Once the reality has been produced, the creators look to maintain the reality in the wake of new generations who might find it “problematic” by creating rigid rules and regulations. This ‘maintenance of reality’ is visible in popular dance forms such as classical ballet. Brinson (1991) observes that the national dance culture in elitist Europe has often rigid formality and artificiality which forces the dancers to be within the realm of existing reality. The dance schools and theatres impose this rigidity on students of dance which can be viewed as an effort to maintain reality. It has been moderately successful in some cases. The traditional Indian dance forms such as Bharatnatyam and Kuchipudi are said to have retained their original form after even centuries of their origin despite many external modernizing pressures.
In most cases, however, the new generation finds the existing dance forms too ‘problematic’ and seek to incorporate newer changes (repairing and transforming the reality). A prime example can be Isadora Duncan who worked towards loosening the restrictions on classical ballet and formed a modern dance tradition known as Twyla Tharp. In most cases, however, the repaired reality is caused due to cultural (external) changes. In Duncan’s case, the rise of theatre dance and vaudeville created an appropriate condition for her to introduce changes to the classical and more rigid form of ballet. This contradicts with Carey’s notion that transformation in reality will happen due to symbolic process. In the case of Twyla Tharp and most other modern dance forms, the symbolic process has happened due to transformation in reality or cultural changes.
This can mean two things. One of them is that Communication, as many scholars claimed, a “most mundane experience” after all. This means that most of the communication around us is a representation of the reality and not the other way round as Carey theorized. Only on rare activities with “excessive masochism” can it influence the reality. This was the case with Jackson and Duncan as both were wonderful exponents of their art that they were able to influence a whole new reality due to their lasting effect on people’s memories.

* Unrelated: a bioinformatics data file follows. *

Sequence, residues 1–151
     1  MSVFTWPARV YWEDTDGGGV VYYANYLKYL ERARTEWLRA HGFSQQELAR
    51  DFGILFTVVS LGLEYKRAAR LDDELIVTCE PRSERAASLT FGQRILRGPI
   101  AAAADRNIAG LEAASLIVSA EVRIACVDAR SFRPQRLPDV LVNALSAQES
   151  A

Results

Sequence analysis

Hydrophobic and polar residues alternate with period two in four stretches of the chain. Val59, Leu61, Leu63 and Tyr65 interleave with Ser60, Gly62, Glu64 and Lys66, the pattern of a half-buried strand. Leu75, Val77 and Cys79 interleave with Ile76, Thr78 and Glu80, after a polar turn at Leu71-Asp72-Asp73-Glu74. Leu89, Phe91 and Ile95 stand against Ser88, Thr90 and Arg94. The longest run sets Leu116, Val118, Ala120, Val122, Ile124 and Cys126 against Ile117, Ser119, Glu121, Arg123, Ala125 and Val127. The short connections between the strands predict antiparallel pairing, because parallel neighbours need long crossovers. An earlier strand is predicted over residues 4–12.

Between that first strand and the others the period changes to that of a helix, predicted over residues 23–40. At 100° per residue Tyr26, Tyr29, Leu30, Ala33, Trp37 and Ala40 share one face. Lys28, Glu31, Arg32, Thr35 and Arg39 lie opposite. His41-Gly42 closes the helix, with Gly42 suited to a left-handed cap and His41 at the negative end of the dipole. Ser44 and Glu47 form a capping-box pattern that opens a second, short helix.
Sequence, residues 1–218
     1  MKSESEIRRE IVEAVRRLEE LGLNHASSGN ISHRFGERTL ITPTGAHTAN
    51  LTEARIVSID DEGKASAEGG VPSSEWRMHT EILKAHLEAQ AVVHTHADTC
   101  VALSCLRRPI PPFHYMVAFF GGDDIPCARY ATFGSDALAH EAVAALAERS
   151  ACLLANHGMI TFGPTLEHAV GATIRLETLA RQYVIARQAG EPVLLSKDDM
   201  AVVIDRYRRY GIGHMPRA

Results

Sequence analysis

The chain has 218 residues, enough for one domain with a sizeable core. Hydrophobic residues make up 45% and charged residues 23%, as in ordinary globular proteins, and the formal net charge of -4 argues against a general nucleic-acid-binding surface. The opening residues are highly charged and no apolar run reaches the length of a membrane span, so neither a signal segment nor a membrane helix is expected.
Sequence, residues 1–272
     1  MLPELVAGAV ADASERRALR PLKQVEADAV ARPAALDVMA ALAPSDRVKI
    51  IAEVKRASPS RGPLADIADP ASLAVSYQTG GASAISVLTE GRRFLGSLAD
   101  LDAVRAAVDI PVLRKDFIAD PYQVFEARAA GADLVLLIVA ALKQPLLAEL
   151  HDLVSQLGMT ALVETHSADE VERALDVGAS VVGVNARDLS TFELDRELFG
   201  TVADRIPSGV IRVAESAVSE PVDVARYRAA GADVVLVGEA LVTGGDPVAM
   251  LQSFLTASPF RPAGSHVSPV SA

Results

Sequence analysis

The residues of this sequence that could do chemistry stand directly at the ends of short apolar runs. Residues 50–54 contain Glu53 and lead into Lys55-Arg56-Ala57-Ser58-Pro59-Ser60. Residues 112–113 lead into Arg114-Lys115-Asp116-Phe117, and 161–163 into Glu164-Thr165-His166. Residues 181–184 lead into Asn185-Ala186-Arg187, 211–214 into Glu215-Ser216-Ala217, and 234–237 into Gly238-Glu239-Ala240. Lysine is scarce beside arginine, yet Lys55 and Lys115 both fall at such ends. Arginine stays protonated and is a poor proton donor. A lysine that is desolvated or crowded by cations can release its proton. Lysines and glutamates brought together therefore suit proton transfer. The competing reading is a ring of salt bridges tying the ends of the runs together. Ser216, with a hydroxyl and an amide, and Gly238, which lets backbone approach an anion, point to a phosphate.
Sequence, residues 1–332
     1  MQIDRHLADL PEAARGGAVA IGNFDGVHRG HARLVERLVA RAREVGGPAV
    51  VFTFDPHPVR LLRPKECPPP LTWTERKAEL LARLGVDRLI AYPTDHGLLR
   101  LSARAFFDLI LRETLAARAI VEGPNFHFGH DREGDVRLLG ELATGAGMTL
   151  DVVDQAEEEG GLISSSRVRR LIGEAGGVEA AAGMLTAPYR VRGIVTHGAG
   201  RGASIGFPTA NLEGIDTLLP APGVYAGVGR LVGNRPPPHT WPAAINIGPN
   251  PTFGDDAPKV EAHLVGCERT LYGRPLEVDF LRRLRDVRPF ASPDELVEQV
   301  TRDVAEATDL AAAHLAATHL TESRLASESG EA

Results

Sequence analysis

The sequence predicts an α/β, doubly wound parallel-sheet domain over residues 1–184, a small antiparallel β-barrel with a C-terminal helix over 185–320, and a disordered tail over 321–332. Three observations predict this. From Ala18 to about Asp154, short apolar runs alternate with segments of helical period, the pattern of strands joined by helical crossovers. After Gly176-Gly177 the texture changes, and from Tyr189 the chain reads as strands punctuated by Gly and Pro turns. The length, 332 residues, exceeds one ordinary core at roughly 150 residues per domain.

A more plausible explanation can be that communication acts as representation of reality and for reality at the same time depending upon the point of view. Borrowing from Bakhtin’s concept of Intertextuality, an artist’s work results from an influence of multiple inner voices and yet is completely different from any other artist. Taking this concept into the dance forms, a dancer plays two roles in communication process. He is not only influenced by existing cultural phenomenon which determines his purpose and patterns, he also influences the actual culture through his unique rhythmical patterns which are independent of cultural influence. So a dancer is not only influenced by reality but also creates reality at the same time. The magnitude of his role depends upon the ability of the artist and external conditions prevailing. This explains the case of Jackson and Duncan satisfactorily.
The purpose of this essay was to evaluate the effectiveness of Cultural approach to communication using dance as communication process. Dance can create new reality and maintain it. But the changes in reality (repair and transformation) often happen under the influence of external conditions. It was found that Carey’s notion of symbolic processes creating reality is one-dimensional. It assumes that symbolic processes are the origin and reality is a manifestation of it. However, it was revealed that symbolic processes play a dual role of influencer and influenced at the same time. This opens the question of origin of symbols and reality. It can form the scope of future studies on cultural approach to communication.